Michelle Segar, PhD, master of public health, and director of the University of Michigan’s Sport, Health, and Activity Research and Policy Center says that even though there are tons of scary statistics thrown around in an attempt to frighten people away from living a sedentary lifestyle (like worsening depression and anxiety, increasing your risk for cancer, causing blood sugar spikes, and generally increasing aches and pains), scare tactics don’t generally work to change behaviors long term. Instead, “we want to promote [movement] for its immediate benefits,” she says. So rather than trying to shame yourself into moving more, Segar encourages women to focus on all the benefits movement can have. “Let’s tell people it will immediately generate energy and help them lift their moods. Now isn’t that a more compelling reason to get out of the chair?”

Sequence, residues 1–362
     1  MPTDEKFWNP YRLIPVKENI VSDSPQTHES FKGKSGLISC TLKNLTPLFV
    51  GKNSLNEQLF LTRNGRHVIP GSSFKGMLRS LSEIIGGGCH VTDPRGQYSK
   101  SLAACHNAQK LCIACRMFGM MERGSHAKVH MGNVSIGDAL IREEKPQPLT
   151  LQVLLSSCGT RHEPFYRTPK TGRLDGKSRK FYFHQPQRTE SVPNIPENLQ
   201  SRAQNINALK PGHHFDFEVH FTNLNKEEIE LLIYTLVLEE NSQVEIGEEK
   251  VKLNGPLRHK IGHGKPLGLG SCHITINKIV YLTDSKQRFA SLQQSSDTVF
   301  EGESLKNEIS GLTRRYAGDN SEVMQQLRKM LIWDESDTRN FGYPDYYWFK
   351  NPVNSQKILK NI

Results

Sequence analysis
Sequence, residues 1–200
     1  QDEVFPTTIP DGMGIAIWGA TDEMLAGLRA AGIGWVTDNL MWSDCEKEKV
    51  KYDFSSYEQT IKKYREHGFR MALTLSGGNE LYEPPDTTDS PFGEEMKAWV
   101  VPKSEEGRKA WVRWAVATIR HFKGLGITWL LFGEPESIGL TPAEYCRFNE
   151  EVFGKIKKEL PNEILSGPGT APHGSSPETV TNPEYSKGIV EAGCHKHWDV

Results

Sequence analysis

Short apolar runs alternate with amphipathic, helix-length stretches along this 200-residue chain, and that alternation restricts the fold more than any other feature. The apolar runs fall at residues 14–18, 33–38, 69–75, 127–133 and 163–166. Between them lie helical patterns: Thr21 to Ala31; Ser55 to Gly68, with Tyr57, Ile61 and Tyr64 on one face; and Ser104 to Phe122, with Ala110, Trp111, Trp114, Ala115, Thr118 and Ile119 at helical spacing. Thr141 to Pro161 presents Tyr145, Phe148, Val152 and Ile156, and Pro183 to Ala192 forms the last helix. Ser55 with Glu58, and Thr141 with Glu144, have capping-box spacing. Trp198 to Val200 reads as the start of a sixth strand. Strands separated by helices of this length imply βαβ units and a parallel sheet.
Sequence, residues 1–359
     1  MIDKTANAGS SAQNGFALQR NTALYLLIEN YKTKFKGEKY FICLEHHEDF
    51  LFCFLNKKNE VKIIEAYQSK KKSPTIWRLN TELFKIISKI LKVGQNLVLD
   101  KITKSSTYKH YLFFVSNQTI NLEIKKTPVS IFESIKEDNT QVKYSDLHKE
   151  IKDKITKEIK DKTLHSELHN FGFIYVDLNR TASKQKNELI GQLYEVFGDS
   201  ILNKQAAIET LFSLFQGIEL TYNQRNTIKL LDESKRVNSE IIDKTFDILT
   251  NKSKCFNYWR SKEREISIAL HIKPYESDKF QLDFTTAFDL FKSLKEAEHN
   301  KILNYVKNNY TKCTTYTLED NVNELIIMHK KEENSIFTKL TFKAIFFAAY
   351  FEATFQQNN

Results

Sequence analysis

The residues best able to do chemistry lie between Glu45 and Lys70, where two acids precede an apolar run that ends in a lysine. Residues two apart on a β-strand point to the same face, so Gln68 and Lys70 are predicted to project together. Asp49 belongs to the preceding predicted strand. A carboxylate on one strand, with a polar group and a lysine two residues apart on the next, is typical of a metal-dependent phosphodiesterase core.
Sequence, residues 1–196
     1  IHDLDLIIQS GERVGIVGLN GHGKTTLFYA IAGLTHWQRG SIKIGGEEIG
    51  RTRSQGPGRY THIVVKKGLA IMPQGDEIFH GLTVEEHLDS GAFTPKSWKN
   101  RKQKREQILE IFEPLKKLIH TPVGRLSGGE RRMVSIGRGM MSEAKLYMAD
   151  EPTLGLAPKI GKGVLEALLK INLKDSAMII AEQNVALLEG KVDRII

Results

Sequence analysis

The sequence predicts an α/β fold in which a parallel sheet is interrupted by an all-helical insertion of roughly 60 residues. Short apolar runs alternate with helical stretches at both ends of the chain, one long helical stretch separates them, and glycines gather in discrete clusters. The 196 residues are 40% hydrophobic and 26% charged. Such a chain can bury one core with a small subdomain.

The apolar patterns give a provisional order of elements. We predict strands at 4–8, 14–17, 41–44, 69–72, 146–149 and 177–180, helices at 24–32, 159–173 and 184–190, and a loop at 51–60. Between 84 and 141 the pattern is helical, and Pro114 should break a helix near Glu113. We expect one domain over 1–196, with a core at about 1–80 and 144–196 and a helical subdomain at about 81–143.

Even though there are tons of scary statistics thrown around in an attempt to frighten people away from living a sedentary lifestyle, scare tactics don’t generally work to change behaviors long term.